Civil rights attorney Julia Yoo fights on behalf of people whose Constitutional rights have been violated by wrongful arrest, illegal searches or the use of excessive force. She is the president of the National Police Accountability Project (NPAP), the country’s largest civil rights attorneys’ organization. She is the first woman and the first person of color to lead NPAP. Julia also serves on the Board of Governors of the Consumer Attorneys of California.
Julia has devoted her 22 year career to protecting the rights of people whose voices might otherwise go unheard. Upon graduation from law school in 1998, Julia founded the Law Center for Women Prisoners, a nonprofit organization designed to assist and advocate for incarcerated women. The Law Center, in partnership with externship programs through the University of Colorado law school, provided legal assistance to hundreds of incarcerated women for a wide array of issues from prisons failure to provide adequate medical care to termination of parental rights.
Julia has won cases on behalf of a woman who was left to miscarry her baby in her cell; a woman sexually harassed by her parole officer; women who were sexually abused by their alcohol and drug counselor in a private prison; a woman raped in a janitors closet by a corrections officer; and teenagers who were sexually assaulted by guards in a juvenile facility.
In 2003, Julia joined Gene Iredale and began litigating on behalf of people whose Constitutional rights have been violated by wrongful arrest or the use of excessive force, as well as wrongful death. Nearly her entire practice is dedicated to arguing for the rights of individuals infringed upon by the police and the government – entities that often devote enormous resources to prolonged legal battles.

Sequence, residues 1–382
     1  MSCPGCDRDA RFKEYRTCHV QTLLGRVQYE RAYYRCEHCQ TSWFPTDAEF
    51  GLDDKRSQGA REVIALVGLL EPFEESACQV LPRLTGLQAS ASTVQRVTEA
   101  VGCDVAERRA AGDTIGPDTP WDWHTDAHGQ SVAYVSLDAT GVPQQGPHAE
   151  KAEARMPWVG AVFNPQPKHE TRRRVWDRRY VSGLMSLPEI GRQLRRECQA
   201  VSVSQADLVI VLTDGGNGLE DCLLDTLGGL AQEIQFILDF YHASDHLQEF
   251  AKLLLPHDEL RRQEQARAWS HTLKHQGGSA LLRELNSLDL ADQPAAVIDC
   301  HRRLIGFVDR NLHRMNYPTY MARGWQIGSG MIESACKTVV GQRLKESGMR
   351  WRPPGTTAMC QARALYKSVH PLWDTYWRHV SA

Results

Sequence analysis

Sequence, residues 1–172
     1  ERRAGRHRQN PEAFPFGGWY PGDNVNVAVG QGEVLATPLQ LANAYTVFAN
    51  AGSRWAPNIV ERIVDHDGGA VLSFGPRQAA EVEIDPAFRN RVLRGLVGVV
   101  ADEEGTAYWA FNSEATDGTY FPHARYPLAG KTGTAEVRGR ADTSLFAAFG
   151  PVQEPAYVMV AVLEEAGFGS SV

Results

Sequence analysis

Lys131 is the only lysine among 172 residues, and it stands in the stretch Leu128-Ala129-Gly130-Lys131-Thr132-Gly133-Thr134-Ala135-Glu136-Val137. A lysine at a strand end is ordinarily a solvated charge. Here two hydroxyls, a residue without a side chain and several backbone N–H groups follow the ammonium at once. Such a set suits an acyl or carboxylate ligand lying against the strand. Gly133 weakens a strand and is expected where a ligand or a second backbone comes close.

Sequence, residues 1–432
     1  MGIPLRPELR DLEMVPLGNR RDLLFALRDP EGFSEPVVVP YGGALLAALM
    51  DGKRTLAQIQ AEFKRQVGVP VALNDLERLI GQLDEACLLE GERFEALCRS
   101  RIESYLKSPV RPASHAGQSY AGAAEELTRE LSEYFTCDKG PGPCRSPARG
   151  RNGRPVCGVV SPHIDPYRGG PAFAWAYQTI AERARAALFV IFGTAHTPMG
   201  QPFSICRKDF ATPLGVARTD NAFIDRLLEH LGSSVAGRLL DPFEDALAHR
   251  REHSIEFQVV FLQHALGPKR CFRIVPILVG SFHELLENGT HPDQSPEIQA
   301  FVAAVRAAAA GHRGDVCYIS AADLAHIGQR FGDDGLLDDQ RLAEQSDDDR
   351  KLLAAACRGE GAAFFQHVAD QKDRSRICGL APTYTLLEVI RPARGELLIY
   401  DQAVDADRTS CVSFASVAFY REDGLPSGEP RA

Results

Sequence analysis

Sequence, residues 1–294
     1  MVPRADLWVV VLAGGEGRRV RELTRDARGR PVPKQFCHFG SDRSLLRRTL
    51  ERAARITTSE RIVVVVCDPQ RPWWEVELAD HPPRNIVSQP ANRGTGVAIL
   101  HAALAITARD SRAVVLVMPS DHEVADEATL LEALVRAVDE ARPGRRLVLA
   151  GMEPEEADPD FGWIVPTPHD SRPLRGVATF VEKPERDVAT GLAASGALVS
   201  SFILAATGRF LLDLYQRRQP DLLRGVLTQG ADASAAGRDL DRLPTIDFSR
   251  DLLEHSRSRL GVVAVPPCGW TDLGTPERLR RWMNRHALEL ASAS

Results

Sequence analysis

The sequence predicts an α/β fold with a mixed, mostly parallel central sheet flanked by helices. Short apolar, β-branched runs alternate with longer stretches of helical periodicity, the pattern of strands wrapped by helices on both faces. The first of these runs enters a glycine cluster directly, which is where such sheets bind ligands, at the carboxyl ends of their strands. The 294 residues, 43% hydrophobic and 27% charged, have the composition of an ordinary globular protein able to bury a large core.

Julia has co-authored three briefs filed with the United States Supreme Court, and nearly a dozen amicus briefs in appellate courts across the country, addressing the rights of mentally ill, homeless, and disabled people killed in encounters with police and of immigrants and noncitizens mistreated by federal agents. Particularly of note, Julia wrote a brief that led to a landmark Ninth Circuit Court decision on the police use of the taser and filed an amicus brief in the Tenth Circuit on the rights of individuals to film police interactions.
Teaching law students, speaking nationally at conferences and frequently in the press, Julia is a sought-after expert on police violence, the treatment of prisoners, and the role of drug treatment, incarceration alternatives, and reintegration services for people leaving prison. In her role with NPAP coordinating nationwide appeals against officers, she is also an expert in the role of qualified immunity, which shields police from monetary damages. Julia is the recipient of the 2016 American Constitution Society’s Roberto Alvarez award and the 2020 Consumer Attorneys of California’s Robert E. Cartwright award.
Originally from Seoul, South Korea, Julia is a cum laude graduate of Wellesley College and received her J.D. at the University of Colorado School of Law.
- University of Colorado School of Law, Boulder, Colorado
- Wellesley College, Wellesley, MA
Honors: Cum Laude
Professional Associations and Memberships
- National Lawyers Guild
- National Police Accountability Project
- Consumer Attorneys of California
- Consumer Attorneys of San Diego
Awards and Commendations
- The Best Lawyers in America® (2015 to present)
- Super Lawyer (2015 to present)